Master is kneeling beside cages and dogs inside smell like blood and poo. But dogs aren’t angry, aren’t moving. Brutus nuzzles master with nose and lies down beside Master and Master wraps her arms around Brutus’ neck. Master hugs Brutus tight for very long time.

Cars that make howling sounds start to come from far away and Brutus makes little barks like Master taught him. Master gets up and takes Brutus into the car and gets in other door and the car starts moving.

There is a focus on specifics - "cars that make howling sounds" not "police sirens." Things are focused on scent first. "Master" always has his attention, no matter what else is going on. (Oh, this chapter makes a little more sense if you realize this is a super-powers universe, and Rachel's power is that she can make dogs grow REALLY big temporarily.)

I had to read it more than once to get that it was more than Brutus Goes Walkies, that there was plot-focused stuff there, but if your entire book is from this POV, or this POV is frequently used, then the reader should fall into it. (Interludes in Worm are always a little challenging, since we don't know the PO usually.)

I definitely recommend reading other pet-narrated works, to note their strategies. Bunnicula comes to mind.

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    Wow! You sure had a lot of examples and works for me to add to my research :) Thank you so much for answering my question. I'll keep your points (& Brutus) in mind before I sit down to write again:) – user37485 Mar 27 '19 at 16:51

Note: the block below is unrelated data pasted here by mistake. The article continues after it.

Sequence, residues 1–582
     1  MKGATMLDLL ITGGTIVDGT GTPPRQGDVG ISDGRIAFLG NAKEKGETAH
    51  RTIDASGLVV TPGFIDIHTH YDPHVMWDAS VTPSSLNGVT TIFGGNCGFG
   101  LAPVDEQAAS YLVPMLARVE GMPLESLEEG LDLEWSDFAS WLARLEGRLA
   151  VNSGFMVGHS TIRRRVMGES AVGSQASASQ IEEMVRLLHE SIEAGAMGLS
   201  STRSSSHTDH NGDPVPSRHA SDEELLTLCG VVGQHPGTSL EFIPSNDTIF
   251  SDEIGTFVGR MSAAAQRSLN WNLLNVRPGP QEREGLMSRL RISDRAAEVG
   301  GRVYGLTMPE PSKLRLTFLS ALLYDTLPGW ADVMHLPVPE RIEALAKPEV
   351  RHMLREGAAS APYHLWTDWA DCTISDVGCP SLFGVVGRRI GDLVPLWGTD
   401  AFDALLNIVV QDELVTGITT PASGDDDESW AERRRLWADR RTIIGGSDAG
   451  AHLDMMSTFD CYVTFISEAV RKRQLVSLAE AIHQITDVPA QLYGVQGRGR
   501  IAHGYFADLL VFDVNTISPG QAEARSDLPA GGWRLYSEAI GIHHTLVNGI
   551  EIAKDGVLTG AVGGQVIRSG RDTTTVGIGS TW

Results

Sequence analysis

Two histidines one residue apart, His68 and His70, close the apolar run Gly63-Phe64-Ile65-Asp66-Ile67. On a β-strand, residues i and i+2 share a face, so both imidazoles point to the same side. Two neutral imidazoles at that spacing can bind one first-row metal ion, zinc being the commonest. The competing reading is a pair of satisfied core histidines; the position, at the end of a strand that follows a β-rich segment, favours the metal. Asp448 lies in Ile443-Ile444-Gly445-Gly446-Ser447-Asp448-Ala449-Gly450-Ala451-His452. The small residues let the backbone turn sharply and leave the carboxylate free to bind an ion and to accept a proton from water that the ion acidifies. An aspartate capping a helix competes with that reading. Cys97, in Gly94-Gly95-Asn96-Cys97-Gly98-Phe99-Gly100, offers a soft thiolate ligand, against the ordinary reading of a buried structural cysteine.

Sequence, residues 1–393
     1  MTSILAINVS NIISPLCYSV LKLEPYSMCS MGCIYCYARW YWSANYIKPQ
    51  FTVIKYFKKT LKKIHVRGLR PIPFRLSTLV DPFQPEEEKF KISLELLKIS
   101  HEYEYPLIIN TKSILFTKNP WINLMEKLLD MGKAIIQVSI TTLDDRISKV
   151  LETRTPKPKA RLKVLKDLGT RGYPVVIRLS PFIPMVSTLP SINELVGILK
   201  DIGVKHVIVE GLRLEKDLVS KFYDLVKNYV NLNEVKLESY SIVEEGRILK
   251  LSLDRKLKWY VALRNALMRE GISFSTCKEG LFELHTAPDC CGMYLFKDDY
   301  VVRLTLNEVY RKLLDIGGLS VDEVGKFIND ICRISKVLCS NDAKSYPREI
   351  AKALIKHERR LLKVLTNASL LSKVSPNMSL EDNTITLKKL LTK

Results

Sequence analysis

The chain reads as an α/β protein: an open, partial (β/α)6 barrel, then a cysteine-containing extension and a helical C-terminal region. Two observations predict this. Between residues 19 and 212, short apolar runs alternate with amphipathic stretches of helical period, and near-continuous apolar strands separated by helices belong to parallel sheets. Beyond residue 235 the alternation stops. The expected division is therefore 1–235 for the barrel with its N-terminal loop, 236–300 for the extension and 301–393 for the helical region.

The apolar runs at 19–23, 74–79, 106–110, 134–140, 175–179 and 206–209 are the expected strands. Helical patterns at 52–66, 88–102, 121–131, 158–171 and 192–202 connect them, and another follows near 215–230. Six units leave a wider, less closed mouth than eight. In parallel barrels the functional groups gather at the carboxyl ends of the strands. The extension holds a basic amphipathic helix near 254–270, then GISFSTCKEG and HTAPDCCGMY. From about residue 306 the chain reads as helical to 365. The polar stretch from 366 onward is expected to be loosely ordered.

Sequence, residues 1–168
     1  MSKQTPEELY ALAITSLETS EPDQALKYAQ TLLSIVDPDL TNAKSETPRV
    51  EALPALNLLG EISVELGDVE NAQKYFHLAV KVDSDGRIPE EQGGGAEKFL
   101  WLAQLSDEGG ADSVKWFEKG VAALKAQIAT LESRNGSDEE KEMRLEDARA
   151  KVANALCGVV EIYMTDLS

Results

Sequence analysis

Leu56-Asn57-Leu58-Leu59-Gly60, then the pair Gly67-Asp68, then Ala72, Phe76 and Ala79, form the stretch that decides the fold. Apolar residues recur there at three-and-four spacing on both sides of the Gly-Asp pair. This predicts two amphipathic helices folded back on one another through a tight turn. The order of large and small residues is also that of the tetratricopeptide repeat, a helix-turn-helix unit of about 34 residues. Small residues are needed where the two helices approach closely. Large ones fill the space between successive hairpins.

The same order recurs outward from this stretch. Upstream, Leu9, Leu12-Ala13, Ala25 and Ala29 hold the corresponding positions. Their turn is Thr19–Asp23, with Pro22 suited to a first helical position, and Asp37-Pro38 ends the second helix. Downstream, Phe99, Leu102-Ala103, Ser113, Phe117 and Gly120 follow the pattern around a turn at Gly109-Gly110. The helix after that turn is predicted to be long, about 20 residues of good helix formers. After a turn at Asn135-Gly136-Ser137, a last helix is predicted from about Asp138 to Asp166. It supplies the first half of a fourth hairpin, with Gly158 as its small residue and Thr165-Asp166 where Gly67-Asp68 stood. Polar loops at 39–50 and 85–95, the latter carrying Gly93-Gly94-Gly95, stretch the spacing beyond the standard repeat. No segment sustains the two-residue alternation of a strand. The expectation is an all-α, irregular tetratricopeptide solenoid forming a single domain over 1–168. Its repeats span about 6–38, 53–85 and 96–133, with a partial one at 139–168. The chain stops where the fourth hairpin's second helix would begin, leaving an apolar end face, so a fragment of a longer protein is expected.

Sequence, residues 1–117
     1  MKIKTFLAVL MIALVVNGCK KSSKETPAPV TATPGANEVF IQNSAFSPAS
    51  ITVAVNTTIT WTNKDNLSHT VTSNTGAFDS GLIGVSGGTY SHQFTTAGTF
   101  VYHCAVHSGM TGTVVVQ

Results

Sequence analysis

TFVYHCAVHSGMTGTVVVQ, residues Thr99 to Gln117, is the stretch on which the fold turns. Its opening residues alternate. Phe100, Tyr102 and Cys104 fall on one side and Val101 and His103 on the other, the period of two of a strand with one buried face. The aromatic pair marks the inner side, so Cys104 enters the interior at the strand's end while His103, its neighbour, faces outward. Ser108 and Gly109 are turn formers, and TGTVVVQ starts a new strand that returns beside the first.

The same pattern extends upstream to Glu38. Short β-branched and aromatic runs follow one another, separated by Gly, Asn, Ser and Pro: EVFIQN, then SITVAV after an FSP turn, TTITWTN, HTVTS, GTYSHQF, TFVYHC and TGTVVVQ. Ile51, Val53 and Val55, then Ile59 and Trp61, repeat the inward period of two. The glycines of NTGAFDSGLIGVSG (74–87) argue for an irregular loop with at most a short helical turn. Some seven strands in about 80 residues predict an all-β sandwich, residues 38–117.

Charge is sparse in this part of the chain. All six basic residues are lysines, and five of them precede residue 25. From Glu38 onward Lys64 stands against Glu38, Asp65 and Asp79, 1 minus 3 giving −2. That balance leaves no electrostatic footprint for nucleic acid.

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No need for antics? Other ways to illustrate the nature of the narrator.

Do the pets antics need to play a role in the story? Having the pet as the narrator wasn't your first thought so I'm assuming the antics are not super important. Don't get sidetracked from your plot unless you now do want antics for some reason (i.e. don't have antics for the sake of antics, or to make the animal narrator more realistic - there are other ways to illustrate "catness" or "dogness").

What if your cat/dog is super old/lazy, not a lot of antics going on but a lot of observation. You could also just have them as a narrator without explaining the antics - I can narrate from the point of view of a cat without having to interupt myself all the time to talk about watching birds etc. If you want to remind the reader of the nature of the narrator just say something like